Member message for Beneficial Farm CSA, week February 27th, 2014
Climatology 2013: NOAA LINK: http://www.weather.gov/forecastmaps
Droughtiness and early warmth. Time to start working the soil. Scary early.
This week’s Cow stories: Mesa Top cows and Jim Miller Ayrshire project: No new cow stories, nothing to update.
This week’s protein update: Beef shares are back, and there is plenty of ground beef, veal shares are well stocked. Large turkeys: reduced cost to members! Order ahead please as they are stored in Albuquerque in a commercial freezer.
This week’s cheese making update: No new news from the cheese room either
As if the drought and climatic irregularity were not enough, the governmental world (local, NOT State or Federal this time) has placed another burden on Santa Fe County farms that can lead to no good. Santa Fe County recently passed its comprehensive zoning ordinances that are supposed to reflect the principles of its “sustainable land use plan.” The zoning plan contains nothing except trouble for agriculture in Santa Fe. It will prevent existing operations from growing easily and will reduce the ease of entry of new operations. The further gentrification and elimination of young farmers is now enshrined in the land development code. I say this because formerly Santa Fe County was “unzoned,” meaning that agriculture could be practiced anywhere, now there are restrictions and various kinds of permitting required according to the zoning map. Formerly, permits were not needed for farm/ag related structures. Now they will be required, with associated fees, costs, and delays. There would have been a number of ways to mitigate these consequences. For example, transfer or purchase of Development rights programs, or dedication of a portion of development related fees to a fund to “buy down” the value of ag land. There are countless tools, developed and utilized successfully in other communities to support farming in the mix with robust development activity. But Santa Fe County decided to turn its back on these solutions, and to proceed with its commitment to development with no tangible support for or public investment in agriculture. The other day I was looking through correspondence produced over the last 20+ years of my tenure as steward of this farm and land. I have repeatedly tried to initiate thoughtful action to reduce the debt of the farm so it could continue and become more economically sustainable. ALL of this debt focuses on costly land that is of very limited agricultural value. Absent a set of land use policies that invest in land to help reduce its cost so it can be affordable for agriculture, there is no other way for a farmer to eliminate or reduce debt than to develop their land. Santa Fe County has stuck it to us farmers. Maybe it is time to give up, develop the land, take the money and move the farm to a friendlier community. Most of the time, development means the end of the farm. Mesa Top needs to now begin to honestly face that possibility. There is and always has been also the possibility of limited development where a portion of the farm’s land is used for higher valued purposes such as residential, so that the rest can be paid for. This idea has been floated often. The idea of living next door to a working farm or a significant body of open land with natural and cultural resources available for recreational access does make sense. The last time it was poised for success the Global Financial meltdown came along and the market for vacant land in Santa Fe came to a dead stop. The only “good news” update I can think of from the Mesa Top is the arrival of fiber optic telephone service. Plateau, our amazing Telecom COOPERATIVE has decided to invest massive monies into extending fiber optic service to the valley that Mesa Top sits at the edge of. This is good news for Mesa Top Farm and for others who might want to live here or near here: virtual access to the rest of the world will be easier. If you are interested in learning more about the present or future possibilities for Mesa Top Farm and its land, especially if you might be interested in owning your own home at the edge of the 400+ aces of open land that the farm has created or leased, let Steve W know!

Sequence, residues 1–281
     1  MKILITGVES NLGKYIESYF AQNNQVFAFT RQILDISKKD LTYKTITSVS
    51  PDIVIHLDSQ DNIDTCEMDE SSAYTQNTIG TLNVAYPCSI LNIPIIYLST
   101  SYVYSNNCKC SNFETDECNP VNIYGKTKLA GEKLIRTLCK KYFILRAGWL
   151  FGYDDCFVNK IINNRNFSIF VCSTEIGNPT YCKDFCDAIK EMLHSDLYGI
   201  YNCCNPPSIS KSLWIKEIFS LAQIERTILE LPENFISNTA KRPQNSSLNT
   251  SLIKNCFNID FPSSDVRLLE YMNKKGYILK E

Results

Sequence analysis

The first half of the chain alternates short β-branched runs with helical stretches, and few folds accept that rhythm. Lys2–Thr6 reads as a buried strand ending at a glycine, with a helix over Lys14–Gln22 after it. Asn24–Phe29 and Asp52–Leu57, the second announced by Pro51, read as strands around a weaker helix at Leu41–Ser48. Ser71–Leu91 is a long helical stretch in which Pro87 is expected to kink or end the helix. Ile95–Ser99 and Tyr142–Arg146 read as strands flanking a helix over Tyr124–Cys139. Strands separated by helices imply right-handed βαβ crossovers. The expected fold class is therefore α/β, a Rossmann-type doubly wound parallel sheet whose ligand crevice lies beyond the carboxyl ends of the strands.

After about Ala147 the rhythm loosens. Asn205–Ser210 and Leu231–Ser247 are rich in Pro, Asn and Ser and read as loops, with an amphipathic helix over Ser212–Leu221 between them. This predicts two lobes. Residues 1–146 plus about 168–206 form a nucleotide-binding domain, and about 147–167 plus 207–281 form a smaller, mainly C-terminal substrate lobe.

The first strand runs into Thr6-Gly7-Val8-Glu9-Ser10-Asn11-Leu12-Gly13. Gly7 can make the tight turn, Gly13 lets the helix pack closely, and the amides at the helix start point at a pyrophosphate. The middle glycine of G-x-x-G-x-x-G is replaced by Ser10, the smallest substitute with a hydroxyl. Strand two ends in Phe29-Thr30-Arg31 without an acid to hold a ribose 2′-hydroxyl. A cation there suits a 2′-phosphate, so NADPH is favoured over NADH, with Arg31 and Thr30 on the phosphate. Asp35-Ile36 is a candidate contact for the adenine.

This week’s Veggie/Share Update: This week your share includes a nice mix of produce and more. Especially exciting is the first of the early season produce from our Northern NM farmers: Scallions from Talon de Gato! Also from the North are spicy daikon sprouts from Sungreen Living Foods, and mixed potatoes from White Mountain Farm in Mosca, Colorado. From the South, we have grape tomatoes, zuccini, and red bell peppers from the greenhouses of Preferred produce, and spicy salad mix from Sol y Tierra Farms in Anthony. Our fruit this week is grapefruit, this time from Arizona, as the Texas grapefruit season is over. And from beyond the fresh produce world we have otebo beans from Olathe Bean coop, in Olathe Colorado. As we move into spring, we will begin to see produce from a wider range of farms and farming regions within and around our state.
Membership news: Please follow us on line at Facebook and Twitter. This is a great way to show your friends our weekly shares, recipes and updates. Remember when you help us spread the word and sign up more members; we add $10 to your Farm Account for every member you refer. Thank you for your investment in and continued support of the CSA.
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